One CCS charger in Washington state?! Big whoop-de-do! Texas is where the real CCS story is. Texas went from having zero functioning CCS chargers to having nine functioning CCS chargers in less than two weeks! These were all evGO chargers. About a half dozen of these were already dual chargers with the CCS cable not installed. At other places, like Grapevine Mills Mall, evGO replaced the existing CHAdeMO charger with a dual charger. Makes you wonder what they did with the CHAdeMO charger, it wasn’t that old. Where is the CCS story for Texas???

Things are only getting better. 🙂

Now when will there be enough along the highway so I can visit my friends in Seattle by driving from San Diego’s Mexico border with SparkEV? Even with all that DCFC, average speed will be about 45 MPH.

I’m not sure how well researched this article was, Plugshare is indicating six CCS chargers in Washington state. Most of these are at Kia dealerships and they have been there for at several months. It’s nice though to see evGO stations getting CCS chargers.

I confess I haven’t checked out all the stations in Washington State myself, but I think it depends on your definition of what a public station is? I’m not sure…if it does turns out that another public station is available that isn’t brand/OEM location specific we’ll adjust the heading.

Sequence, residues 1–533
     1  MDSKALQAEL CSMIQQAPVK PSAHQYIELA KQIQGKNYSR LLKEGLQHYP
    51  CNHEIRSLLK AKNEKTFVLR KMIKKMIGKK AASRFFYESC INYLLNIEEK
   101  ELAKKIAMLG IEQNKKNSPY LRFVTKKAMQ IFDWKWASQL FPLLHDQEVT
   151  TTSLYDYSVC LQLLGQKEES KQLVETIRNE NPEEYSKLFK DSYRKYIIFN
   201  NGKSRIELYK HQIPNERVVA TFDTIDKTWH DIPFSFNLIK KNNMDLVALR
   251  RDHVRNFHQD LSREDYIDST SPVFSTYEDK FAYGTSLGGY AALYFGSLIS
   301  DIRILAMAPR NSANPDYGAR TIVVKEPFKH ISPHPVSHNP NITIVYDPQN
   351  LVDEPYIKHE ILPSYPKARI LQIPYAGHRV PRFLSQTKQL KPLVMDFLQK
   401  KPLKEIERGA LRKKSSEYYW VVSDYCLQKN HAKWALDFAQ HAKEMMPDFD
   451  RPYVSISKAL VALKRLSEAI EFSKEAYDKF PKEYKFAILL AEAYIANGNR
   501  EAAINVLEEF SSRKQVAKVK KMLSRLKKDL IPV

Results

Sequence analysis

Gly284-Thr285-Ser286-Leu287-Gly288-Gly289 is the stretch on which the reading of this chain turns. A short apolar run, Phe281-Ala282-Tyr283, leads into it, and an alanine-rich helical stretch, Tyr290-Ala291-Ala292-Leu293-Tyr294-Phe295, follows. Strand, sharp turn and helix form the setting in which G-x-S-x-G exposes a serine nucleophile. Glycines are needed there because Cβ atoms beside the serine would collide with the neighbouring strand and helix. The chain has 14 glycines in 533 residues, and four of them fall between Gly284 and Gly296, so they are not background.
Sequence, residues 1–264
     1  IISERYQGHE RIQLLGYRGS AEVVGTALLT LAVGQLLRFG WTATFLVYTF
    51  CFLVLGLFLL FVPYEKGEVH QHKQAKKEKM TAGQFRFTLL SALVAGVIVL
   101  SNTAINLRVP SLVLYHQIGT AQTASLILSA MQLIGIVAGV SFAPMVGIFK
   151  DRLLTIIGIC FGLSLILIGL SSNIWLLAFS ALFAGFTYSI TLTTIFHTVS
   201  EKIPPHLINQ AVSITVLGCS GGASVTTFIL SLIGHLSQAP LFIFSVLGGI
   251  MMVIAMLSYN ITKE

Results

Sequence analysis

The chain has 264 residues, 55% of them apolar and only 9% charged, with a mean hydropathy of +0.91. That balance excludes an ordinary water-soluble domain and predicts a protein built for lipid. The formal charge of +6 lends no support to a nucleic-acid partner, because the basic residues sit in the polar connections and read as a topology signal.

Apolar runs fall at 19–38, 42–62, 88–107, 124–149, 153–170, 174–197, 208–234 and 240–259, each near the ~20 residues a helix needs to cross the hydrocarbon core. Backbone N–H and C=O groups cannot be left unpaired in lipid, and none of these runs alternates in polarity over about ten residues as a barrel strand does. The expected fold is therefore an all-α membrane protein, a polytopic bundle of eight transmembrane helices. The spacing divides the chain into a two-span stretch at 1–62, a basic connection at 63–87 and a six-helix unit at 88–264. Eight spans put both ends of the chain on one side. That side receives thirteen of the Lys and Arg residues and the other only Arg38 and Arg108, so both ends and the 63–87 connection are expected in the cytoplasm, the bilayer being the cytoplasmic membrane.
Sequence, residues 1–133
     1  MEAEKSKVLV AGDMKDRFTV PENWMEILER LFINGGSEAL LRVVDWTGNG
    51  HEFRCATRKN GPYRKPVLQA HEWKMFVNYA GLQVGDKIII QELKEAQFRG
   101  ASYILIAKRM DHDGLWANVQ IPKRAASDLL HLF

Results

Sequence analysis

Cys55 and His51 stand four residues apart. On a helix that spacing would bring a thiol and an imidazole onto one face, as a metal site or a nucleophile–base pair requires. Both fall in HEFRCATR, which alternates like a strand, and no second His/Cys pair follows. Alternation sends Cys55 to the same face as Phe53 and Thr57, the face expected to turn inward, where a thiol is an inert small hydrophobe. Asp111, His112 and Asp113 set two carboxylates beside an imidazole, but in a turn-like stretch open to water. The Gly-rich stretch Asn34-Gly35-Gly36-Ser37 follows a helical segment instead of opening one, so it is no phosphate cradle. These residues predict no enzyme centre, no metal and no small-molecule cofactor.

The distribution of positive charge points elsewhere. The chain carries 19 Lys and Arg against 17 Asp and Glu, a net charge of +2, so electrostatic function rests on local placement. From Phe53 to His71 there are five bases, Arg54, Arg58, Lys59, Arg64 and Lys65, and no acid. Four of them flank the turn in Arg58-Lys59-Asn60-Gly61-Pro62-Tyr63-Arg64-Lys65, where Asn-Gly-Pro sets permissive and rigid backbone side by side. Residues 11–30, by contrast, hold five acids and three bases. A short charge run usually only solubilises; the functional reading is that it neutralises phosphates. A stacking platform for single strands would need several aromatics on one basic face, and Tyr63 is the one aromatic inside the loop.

I recall a Washington public CCS station article on InsideEVS causing a big brew-hah-hah in comment section. But it’s looks like the original article on InsideEVs was removed.



That is a good case in point about a “public” fast charging station. Although that Kia unit one was listed (by accident on plugshare apparently), it certainly wasn’t public/open to all models/all the time for the convenience of the EV community.

DC public charging in the US…never a dull moment.

The road ahead still is so sketchy in the public charging arena. The Coram story revolved around a CCS/Chademo dual charger located onsite at a KIA dealership in western Washington. Plugshare listings and sometimes-desperate EVers looking for a charge can become a dustup once-in-awhile. This is why I’m still such a huge Volt fan. Not so much a 15-20mile PHEV fan. The range-extender allows so much versatility and GM is still sitting on this technology and not spreading it throughout it’s lineup as we would like to see. I’m thrilled with the hybrid Malibu using Voltec parts — Just so anxious to see a CUV, Cruze, and truck made available – and versions with plugs cannot come soon enough. The Hyundai Ioniq may break through where Volt busted open the way. If Hyundai truly offers BEV, PHEV and hybrid versions – others surely will follow suit. Pure BEV early adopters should not fret. It will just take either a gasoline shortage, big gas price hikes or a steady flow of mid-early adopters of electrified cars — Plus, the looming 2020 C.A.R.B. mandates to hold steady and not erode…For these long-awaited plug-ins and BEVs to start flowing, rather than trickling out… Read more »